At 17h15 today the last race ever is scheduled to be run on the Vaal sand track. There are unlikely to be any fireworks, champagne or tears shed – but many questions remain about poor management, the lack of consultation and the rather rude manner in which the decision was ultimately made.
The need for an alternative racing surface to turf on the Highveld during winter was the reason for the introduction of the Vaal sand track in the first place in 2001.
Turf is the best racing surface in summer, but on the Highveld during winter grass tracks become hard and divot repairs cause inconsistencies.
Unfortunately, the sand track was dogged by a range of opinions and criticisms, and replacing the top layer of washed river sand with unwashed river sand a few years back at the request of horsemen had exacerbated, rather than resolved, the problems – that is according to former Phumelela Racing Executive Patrick Davis, who has moved on to another job in the UK.
In the July announcement, to further justify the decision to remove the track, questions were raised as to whether it was environmentally or commercially sustainable into the future. The track requires ‘copious volumes of water’ that are currently freely available from the Vaal River, but that may not be the case in years to come.
While the racing programme was adjusted in August with the introduction of lowly rated handicaps to cater for the horse population that now lose the sand, some trainers and owners are unhappy that an alternative surface was not put in place first to facilitate the transition.
Surely this option was a business courtesy owed to the owners and trainers by the operator?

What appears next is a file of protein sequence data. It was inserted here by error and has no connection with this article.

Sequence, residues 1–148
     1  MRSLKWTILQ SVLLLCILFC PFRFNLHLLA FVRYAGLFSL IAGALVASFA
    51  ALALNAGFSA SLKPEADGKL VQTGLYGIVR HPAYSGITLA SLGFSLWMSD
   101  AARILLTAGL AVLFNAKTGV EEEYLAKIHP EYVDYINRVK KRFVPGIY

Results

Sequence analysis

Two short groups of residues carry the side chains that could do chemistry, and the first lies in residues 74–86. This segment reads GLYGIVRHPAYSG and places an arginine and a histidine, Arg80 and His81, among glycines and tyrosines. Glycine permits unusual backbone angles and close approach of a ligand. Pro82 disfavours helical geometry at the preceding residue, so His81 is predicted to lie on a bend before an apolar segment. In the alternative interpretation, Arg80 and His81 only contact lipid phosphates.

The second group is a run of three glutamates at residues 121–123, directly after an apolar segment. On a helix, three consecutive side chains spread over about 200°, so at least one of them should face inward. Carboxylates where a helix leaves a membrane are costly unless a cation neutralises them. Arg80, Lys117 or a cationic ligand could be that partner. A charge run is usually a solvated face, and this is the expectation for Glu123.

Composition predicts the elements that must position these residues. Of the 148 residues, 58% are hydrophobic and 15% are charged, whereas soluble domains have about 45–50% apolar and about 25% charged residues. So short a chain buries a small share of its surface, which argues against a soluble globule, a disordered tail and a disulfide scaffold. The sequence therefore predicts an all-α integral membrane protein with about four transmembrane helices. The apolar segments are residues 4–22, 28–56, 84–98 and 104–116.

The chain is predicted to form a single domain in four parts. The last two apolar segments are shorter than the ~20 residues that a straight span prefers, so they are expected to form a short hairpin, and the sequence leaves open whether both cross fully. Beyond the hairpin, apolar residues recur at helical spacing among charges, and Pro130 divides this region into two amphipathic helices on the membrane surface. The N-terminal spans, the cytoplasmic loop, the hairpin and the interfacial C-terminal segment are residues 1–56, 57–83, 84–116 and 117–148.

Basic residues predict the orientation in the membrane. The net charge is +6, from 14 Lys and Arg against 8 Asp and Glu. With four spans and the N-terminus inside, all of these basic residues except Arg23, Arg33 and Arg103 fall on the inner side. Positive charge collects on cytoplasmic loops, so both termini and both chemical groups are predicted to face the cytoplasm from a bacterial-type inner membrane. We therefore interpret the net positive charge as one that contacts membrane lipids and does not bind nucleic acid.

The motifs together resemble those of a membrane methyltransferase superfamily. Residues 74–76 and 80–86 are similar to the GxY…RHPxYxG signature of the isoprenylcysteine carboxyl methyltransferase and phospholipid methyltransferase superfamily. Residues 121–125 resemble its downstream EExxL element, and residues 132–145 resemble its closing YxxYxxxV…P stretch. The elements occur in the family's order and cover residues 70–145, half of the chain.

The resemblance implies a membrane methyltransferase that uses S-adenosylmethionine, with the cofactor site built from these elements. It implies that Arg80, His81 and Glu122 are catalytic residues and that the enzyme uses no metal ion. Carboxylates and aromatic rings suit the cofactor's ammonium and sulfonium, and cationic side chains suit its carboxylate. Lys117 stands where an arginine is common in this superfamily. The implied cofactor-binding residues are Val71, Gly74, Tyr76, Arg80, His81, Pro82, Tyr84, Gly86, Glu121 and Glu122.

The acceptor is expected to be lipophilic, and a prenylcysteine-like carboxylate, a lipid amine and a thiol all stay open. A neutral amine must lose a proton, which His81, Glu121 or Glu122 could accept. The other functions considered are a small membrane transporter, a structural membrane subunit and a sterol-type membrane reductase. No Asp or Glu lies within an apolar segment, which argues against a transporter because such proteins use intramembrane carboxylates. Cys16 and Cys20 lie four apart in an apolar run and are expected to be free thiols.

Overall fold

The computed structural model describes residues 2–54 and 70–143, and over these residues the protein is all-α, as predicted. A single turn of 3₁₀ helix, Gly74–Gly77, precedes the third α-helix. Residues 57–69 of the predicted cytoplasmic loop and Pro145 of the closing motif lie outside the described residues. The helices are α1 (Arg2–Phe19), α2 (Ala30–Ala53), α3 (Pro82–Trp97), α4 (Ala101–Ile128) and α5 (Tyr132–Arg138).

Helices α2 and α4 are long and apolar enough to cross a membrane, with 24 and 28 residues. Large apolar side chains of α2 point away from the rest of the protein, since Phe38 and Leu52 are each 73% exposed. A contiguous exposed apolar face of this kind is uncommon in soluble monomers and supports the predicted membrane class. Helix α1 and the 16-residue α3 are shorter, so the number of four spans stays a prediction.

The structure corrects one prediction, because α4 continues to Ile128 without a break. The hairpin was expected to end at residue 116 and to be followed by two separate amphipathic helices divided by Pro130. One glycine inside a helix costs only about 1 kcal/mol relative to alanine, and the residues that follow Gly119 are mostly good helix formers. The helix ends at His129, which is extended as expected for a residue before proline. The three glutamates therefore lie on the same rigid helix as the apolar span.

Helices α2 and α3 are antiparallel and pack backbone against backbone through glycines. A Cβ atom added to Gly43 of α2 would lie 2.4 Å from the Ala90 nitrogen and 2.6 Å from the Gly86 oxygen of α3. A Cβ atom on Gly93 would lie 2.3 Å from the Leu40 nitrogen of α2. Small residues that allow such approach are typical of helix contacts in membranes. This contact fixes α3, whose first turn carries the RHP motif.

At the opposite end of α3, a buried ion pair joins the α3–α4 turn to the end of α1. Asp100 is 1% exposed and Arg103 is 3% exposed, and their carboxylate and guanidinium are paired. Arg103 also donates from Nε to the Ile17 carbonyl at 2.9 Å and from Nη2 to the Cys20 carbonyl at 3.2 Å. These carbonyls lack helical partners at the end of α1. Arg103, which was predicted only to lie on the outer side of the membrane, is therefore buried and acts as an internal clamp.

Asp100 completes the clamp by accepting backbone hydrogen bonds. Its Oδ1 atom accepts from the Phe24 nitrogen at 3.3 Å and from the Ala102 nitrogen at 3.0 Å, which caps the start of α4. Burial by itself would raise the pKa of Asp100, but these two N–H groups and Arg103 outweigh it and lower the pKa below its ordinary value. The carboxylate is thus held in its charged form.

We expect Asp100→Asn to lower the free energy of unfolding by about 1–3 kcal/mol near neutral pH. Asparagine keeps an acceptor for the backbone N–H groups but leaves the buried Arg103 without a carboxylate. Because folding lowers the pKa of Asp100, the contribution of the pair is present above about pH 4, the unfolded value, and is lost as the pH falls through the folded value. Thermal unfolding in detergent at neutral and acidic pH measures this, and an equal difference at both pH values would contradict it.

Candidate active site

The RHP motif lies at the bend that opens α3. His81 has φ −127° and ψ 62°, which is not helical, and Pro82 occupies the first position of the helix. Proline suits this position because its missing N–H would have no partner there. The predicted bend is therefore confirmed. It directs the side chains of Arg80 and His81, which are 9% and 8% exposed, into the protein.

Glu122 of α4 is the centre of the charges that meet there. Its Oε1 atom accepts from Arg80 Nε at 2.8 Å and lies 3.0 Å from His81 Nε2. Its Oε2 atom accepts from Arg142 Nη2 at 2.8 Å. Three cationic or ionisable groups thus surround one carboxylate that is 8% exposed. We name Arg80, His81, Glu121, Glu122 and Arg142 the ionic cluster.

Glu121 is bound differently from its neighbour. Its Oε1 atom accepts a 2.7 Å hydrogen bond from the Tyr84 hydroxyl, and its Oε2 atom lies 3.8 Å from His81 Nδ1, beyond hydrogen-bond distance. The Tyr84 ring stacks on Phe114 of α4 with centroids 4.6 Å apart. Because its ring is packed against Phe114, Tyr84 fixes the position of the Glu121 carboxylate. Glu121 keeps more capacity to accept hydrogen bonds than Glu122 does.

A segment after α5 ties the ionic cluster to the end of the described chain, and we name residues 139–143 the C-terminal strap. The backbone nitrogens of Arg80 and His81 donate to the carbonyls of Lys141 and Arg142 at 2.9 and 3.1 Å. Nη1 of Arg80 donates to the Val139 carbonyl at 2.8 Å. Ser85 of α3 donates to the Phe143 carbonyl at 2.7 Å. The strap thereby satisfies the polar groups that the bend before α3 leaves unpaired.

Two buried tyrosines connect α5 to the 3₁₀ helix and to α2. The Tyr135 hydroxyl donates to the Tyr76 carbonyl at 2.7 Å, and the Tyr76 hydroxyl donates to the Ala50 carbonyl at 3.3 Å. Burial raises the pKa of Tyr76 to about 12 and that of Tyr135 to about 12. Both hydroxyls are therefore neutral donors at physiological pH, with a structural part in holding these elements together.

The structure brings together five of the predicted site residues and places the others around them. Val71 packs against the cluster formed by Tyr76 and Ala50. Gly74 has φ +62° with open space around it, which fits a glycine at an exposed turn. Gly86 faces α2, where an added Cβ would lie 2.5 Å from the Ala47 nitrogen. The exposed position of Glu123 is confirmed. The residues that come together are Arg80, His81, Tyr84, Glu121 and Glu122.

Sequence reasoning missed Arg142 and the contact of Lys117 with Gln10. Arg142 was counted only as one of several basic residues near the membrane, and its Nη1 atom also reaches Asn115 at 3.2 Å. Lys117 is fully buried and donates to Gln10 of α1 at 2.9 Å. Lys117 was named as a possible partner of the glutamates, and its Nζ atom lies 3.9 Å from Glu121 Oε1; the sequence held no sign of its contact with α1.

While Flamingo Park is an alternative, it is not just down the road and the stakes in Kimberley are considerably lower.
We know that many jockeys are happy to see the sand disappearing into the sunset – but trainers and owners of genuine sand horses have basically had the rug pulled out from underneath them in the wink of an eye – and it certainly seems like a harsh move by Phumelela, whose own failure, both practically and publically, to manage the Vaal issues, was at the core of it.
Once the sand is lifted from the 60,000 square metre track, work will begin on creating a suitable medium for grass to grow in. The new grass has apparently already been ordered and is scheduled to be laid in January.
The configuration of the track will remain unchanged and, all going well, the first race meeting on the track will be held in May next year.
The Racing Association should have been barking – yet we haven’t even heard a whimper from them.
Are there no sand owners or trainers that are members of this organisation, who should have been batting for a better deal and keeping the operator on their toes?
And right now, the introduction of a synthetic surface looks to be years away.
Unless you know something we don’t?